Everyone wants power and everyone is in a constant duplicitous game to gain more power at the expense of others, according to Greene, a screenwriter and former editor at Esquire (Elffers, a book packager, designed the volume, with its attractive marginalia). We live today as courtiers once did in royal courts: we must appear civil while attempting to crush all those around us. This power game can be played well or poorly, and in these 48 laws culled from the history and wisdom of the world’s greatest power players are the rules that must be followed to win. These laws boil down to being as ruthless, selfish, manipulative, and deceitful as possible. Each law, however, gets its own chapter: “Conceal Your Intentions,” “Always Say Less Than Necessary,” “Pose as a Friend, Work as a Spy,” and so on. Each chapter is conveniently broken down into sections on what happened to those who transgressed or observed the particular law, the key elements in this law, and ways to defensively reverse this law when it’s used against you. Quotations in the margins amplify the lesson being taught. While compelling in the way an auto accident might be, the book is simply nonsense. Rules often contradict each other. We are told, for instance, to “be conspicuous at all cost,” then told to “behave like others.” More seriously, Greene never really defines “power,” and he merely asserts, rather than offers evidence for, the Hobbesian world of all against all in which he insists we live. The world may be like this at times, but often it isn’t. To ask why this is so would be a far more useful project.

If the authors are serious, this is a silly, distasteful book. If they are not, it’s a brilliant satire.

Pub Date: Sept. 1, 1998

ISBN: 0-670-88146-5

Page Count: 430

Publisher: Viking

Review Posted Online: May 20, 2010

Kirkus Reviews Issue: July 15, 1998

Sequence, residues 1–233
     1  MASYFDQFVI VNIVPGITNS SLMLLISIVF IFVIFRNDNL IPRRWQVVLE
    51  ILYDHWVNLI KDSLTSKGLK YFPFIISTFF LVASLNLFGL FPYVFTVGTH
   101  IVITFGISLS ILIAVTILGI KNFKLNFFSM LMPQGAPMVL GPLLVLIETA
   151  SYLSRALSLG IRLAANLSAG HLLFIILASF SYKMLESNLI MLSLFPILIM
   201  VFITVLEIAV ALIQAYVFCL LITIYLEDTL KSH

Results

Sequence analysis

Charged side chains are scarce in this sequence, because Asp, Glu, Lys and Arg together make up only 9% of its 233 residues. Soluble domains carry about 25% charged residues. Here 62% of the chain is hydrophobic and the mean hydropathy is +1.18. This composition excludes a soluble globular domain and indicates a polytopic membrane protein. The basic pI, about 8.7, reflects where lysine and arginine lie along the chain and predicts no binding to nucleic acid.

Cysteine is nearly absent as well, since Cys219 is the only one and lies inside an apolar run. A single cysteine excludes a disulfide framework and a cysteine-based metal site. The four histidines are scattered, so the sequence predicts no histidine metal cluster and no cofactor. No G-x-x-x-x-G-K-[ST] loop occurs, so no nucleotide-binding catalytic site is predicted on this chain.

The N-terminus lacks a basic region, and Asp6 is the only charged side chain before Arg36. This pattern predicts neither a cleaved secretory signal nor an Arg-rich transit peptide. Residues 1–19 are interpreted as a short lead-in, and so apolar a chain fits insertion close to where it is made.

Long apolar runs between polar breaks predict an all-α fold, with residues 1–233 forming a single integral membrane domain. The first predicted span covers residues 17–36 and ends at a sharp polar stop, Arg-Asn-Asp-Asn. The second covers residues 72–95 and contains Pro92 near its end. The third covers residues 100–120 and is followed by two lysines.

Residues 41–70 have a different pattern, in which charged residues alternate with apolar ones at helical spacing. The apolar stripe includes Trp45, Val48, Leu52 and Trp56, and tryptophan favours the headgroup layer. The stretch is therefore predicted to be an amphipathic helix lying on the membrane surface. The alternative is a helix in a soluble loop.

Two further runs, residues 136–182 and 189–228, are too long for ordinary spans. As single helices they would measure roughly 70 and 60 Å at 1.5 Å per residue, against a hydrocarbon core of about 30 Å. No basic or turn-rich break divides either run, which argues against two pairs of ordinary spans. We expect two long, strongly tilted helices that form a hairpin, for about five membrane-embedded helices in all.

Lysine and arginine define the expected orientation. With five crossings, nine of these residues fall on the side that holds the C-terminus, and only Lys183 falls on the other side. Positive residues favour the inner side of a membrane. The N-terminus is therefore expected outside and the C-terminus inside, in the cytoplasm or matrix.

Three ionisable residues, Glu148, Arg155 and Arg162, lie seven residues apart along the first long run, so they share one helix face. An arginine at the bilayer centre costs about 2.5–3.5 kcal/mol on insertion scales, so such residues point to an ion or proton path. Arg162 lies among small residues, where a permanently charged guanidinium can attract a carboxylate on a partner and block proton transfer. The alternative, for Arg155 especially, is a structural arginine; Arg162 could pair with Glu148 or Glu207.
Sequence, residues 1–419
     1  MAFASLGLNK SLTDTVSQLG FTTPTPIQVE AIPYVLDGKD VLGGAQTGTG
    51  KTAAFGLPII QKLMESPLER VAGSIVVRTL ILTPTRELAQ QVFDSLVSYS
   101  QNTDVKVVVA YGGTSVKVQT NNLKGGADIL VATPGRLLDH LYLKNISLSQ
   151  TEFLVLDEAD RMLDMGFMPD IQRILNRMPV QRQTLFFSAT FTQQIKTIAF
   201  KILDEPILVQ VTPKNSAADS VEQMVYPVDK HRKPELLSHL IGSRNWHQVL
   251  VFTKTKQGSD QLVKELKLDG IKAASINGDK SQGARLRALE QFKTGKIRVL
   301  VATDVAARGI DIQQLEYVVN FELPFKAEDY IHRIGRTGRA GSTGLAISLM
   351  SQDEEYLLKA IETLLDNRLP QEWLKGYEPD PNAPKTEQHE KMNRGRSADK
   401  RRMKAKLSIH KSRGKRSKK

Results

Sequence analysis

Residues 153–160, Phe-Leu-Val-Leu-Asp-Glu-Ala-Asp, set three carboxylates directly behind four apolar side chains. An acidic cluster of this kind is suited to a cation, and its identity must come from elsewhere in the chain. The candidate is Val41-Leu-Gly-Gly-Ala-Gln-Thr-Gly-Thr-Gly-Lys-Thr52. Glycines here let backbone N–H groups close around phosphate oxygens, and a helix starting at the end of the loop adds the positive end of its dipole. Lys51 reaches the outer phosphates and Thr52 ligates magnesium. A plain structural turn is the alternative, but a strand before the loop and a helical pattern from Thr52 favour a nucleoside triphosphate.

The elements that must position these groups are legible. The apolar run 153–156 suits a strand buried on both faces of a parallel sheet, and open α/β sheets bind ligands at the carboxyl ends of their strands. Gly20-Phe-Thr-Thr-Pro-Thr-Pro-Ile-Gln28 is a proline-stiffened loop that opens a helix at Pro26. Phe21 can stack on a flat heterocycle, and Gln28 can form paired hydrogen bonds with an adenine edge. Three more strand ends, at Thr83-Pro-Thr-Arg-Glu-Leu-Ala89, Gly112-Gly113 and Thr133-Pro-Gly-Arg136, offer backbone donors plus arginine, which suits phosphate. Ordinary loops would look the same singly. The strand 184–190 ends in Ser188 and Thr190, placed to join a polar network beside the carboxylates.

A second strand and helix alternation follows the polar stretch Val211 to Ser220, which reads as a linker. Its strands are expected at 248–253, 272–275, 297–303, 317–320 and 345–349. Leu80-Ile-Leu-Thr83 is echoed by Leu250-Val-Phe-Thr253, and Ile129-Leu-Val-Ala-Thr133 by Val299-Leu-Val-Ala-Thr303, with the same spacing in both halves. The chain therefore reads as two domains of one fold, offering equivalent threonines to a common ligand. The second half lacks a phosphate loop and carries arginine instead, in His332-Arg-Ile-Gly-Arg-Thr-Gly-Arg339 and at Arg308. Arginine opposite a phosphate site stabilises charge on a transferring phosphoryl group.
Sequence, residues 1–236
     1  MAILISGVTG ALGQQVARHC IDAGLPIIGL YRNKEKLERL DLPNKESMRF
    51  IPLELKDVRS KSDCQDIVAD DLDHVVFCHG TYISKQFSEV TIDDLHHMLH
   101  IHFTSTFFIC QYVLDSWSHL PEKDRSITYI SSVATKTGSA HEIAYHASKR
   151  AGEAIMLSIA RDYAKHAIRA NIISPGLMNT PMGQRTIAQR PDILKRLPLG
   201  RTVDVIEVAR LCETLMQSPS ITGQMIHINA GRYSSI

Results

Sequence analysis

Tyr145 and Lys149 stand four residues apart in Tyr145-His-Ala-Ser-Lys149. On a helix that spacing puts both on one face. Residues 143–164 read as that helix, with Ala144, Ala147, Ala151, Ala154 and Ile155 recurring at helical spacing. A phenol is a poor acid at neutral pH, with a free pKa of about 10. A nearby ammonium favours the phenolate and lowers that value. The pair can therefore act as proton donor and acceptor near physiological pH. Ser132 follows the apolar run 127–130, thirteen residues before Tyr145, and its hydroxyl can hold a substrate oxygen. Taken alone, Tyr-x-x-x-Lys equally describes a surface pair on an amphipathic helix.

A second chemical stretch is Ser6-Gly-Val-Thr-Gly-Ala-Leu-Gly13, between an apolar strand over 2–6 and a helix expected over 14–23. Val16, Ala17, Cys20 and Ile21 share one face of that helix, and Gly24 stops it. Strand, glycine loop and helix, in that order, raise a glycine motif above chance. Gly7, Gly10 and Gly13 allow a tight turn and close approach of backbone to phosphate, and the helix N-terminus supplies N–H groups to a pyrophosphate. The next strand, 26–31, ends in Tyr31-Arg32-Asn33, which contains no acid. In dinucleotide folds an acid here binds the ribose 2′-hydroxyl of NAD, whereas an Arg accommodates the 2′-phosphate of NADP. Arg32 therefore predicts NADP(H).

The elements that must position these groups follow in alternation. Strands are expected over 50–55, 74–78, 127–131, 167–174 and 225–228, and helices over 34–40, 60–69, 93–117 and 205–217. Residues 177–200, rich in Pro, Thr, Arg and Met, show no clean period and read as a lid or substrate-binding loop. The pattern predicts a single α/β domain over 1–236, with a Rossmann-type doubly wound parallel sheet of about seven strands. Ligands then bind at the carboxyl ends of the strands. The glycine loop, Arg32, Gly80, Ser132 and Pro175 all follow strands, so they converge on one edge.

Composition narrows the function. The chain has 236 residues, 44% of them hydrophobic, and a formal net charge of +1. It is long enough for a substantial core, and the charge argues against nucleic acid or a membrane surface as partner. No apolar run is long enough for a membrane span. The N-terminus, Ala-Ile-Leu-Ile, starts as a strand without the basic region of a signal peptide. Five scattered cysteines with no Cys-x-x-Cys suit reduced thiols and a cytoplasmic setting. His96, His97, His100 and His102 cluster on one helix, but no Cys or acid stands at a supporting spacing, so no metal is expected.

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The author's youthfulness helps to assure the inevitable comparison with the Anne Frank diary although over and above the...

NIGHT

Elie Wiesel spent his early years in a small Transylvanian town as one of four children. 

He was the only one of the family to survive what Francois Maurois, in his introduction, calls the "human holocaust" of the persecution of the Jews, which began with the restrictions, the singularization of the yellow star, the enclosure within the ghetto, and went on to the mass deportations to the ovens of Auschwitz and Buchenwald. There are unforgettable and horrifying scenes here in this spare and sombre memoir of this experience of the hanging of a child, of his first farewell with his father who leaves him an inheritance of a knife and a spoon, and of his last goodbye at Buchenwald his father's corpse is already cold let alone the long months of survival under unconscionable conditions. 

The author's youthfulness helps to assure the inevitable comparison with the Anne Frank diary although over and above the sphere of suffering shared, and in this case extended to the death march itself, there is no spiritual or emotional legacy here to offset any reader reluctance.

Pub Date: Jan. 16, 2006

ISBN: 0374500010

Page Count: 120

Publisher: Hill & Wang

Review Posted Online: Oct. 7, 2011

Kirkus Reviews Issue: Jan. 15, 2006